Friday, September 18, 2020

Pre Code Hollywood Musical Love Me Tonight (1932) Kino Studio Classics Review

 Love Me Tonight (1932) Kino Studio Classics 9/29/2020

Directed By: Rouben Mamoulians 

Starring: Maurice Chevalier, Jeanette MacDonald, Myrna Loy, Charles Ruggles 

   Kino Studio Classics has provided classic film buff's with yet another gem from the Pre-Code era. Maurice (Maurice Chevalier) is a tailor struggling to make a name for himself in his new business. His only client, a wealthy man named Viscount de'Vareze (Charles Ruggles) ranks up a huge tailor bill but sadly never pays him. Now, Maurice must pose as a Baron in order to get his money. And, in breezy madcap fashion falls for the Princess (Jeanette MacDonald). 

    The film starts out with this really cool rhythmic even music-like sound of people working in a small village, and right away you can tell the movie is going to have gusto and flare. Nearly ninety minutes later I can see why this is considered a classic among classic Hollywood musicals. Director Rouben Mamoulians was in his early thirties when he made Love Me Tonight and you can tell this was made by a youthful energetic person with moxie by the truckload. The plot is breathless in its pace but knows exactly when to linger on a moment. I must say I'm the first to admit I am not a huge musical fan but Love Me Tonight has catchy songs but also cleverly injects lyrical dialogue and sound design that beautiful complements the entire affair.  From a technical standpoint the film is also wonderfully stylist and inventive, having been the first film to use zoom lens. Oscar winning cinematographer Victor Milner shoots this film masterfully and his work in this film gives everything a grand feel but also crafts a moody that further elevates an already great film. For example, to highlight a spooky scene with a three weird sisters like trio doing their stuff, Milner uses effective long shadows in the vein of German expressionism. A lot of this kind of style can also be seen in Mamoulians version of Dr. Jekyll and Mr. Hyde (1931).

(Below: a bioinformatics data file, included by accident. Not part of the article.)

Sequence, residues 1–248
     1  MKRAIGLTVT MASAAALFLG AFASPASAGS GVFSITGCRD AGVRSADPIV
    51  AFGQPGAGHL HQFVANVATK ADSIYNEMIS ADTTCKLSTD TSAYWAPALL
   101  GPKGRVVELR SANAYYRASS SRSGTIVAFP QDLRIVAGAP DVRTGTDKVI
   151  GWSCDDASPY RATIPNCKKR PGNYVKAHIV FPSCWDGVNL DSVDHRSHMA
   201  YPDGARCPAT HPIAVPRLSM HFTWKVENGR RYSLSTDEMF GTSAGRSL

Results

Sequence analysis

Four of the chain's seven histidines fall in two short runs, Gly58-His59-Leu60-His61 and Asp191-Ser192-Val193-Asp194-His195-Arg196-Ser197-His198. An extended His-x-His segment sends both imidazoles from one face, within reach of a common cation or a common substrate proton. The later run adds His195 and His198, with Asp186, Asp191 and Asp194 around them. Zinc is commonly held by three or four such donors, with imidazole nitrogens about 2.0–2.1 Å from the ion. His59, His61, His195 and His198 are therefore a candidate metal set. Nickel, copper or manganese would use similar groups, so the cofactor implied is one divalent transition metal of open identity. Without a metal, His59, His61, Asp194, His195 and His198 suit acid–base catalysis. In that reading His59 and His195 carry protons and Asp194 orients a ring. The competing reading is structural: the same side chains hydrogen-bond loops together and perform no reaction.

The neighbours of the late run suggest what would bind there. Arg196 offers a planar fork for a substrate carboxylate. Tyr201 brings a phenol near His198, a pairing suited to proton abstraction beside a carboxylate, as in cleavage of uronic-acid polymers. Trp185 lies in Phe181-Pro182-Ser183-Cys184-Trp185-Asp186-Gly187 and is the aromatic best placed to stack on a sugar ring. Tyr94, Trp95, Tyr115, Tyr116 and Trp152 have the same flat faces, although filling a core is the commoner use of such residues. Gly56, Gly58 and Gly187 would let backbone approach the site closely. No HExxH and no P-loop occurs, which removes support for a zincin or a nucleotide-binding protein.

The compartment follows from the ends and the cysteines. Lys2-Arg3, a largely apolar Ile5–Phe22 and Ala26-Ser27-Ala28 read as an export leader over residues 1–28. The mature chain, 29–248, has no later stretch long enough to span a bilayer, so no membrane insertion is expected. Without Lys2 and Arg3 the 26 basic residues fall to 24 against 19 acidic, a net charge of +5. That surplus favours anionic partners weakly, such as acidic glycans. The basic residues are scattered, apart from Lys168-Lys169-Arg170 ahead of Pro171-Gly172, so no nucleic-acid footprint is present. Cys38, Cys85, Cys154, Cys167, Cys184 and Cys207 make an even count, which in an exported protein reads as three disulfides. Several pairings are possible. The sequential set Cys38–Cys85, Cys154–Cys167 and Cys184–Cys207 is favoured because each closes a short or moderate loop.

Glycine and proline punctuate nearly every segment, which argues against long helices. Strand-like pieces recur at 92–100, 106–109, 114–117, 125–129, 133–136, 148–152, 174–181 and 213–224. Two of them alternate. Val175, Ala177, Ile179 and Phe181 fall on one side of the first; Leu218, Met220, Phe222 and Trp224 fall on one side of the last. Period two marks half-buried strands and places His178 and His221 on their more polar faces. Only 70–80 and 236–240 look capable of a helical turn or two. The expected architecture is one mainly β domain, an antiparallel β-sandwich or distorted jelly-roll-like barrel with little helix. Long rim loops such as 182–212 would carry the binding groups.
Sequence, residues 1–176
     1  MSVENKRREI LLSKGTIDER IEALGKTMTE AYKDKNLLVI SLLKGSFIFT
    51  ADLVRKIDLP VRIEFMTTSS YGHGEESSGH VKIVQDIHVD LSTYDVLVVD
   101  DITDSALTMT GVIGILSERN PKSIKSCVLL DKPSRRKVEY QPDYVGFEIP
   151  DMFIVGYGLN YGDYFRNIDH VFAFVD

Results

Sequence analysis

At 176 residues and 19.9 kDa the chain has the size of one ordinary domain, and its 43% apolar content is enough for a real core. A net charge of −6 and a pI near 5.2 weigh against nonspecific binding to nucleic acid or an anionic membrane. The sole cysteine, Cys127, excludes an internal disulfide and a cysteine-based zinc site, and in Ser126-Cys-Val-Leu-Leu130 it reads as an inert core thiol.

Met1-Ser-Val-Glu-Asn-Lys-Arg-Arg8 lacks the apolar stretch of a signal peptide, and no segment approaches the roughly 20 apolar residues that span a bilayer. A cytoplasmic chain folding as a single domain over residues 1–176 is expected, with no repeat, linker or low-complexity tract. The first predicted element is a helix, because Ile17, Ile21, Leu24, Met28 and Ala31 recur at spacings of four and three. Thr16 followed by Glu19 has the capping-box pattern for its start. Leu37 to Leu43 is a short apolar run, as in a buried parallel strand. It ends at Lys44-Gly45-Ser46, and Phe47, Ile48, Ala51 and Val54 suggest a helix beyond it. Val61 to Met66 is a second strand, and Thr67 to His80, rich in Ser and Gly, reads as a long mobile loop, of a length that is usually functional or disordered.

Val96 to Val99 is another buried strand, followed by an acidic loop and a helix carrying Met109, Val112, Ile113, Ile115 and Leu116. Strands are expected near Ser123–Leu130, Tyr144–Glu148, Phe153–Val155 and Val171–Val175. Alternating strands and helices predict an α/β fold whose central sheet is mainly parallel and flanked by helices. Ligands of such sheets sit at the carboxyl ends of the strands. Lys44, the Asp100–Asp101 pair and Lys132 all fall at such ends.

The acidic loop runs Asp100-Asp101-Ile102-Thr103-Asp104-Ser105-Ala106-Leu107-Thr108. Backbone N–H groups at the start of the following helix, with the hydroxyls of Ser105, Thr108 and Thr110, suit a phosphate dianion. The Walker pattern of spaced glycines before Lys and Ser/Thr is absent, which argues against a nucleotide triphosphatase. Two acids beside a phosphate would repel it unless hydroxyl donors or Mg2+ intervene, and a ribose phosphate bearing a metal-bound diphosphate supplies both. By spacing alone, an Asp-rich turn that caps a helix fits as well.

The cast is also great with Maurice Chevalier in his prime. Suave, handsome and of course could croon the house down, Chevalier is pure leading man. His parring with  Jeanette MacDonald is dazzling. It's also fun to see one of my favorite comic actors Charles Ruggles as well as young pre- Thin Man (1934) Myrna Loy. As good as MacDonald is, Loy absolutely steals the show. This movie is so chocked full of colorful and amazing character actors that you no doubt have seen in other movies, if you, like me are a TCM junkie. I am kind of shocked that it took me this long to see this movie but I am very glad that I gave it a watch. 

    Not only is it awesome that Kino Studio Classics has made this movie available to the public but the label truly celebrates it like it should be. The film boosts a Brand New 4K master and wow is all the first word that comes to mind. I've never seen this film but I cant imagine its ever looked this good. The image is scrubbed of any scratches or artifacts. What we get is smooth, clear film that looks sharp and showcases the gorgeous photography of Victor Milner. The blacks have a lot of depth to them and though there is grain, it is consistent and not distracting in the least. The sound is also great with the musical numbers, dialogue and sound design coming through nicely. The disc also is packed with some really fun extras. The film has a running commentary by historian Miles Kreuger (President and Founder of the Institute for American Musicals). Miles does a great job at giving us a lot of background on the music, actors and director which is very engaging and insightful. We also get two extra musical numbers: Maurice Chevalier sings "Louise and Jeanette MacDonald Sings "Love Me Tonight (From the Paramount Newsreel Series Hollywood on Parade.) 

Screenplay Excerpts of Deleted Scenes, which is pretty self explanatory and, Production Documents and Censorship Records, which is a interesting look at the kind of censorship problems the film faced. Rounding out the features is a Theatrical Trailer. 

This film looks amazing, sounds amazing and has a lot of great historial context via its bonus material. For me its a total package and if you are a musical buff and or a fan of Hollywood films from the '30's, you should not be without this film in your collection. 

If you are interested in seeing more of director Rouben Mamoulians work Kino also has the following titles available:  Song of Songs (1933), Becky Sharp (1935) and The Mark of Zorro (1940).  Click Here. 

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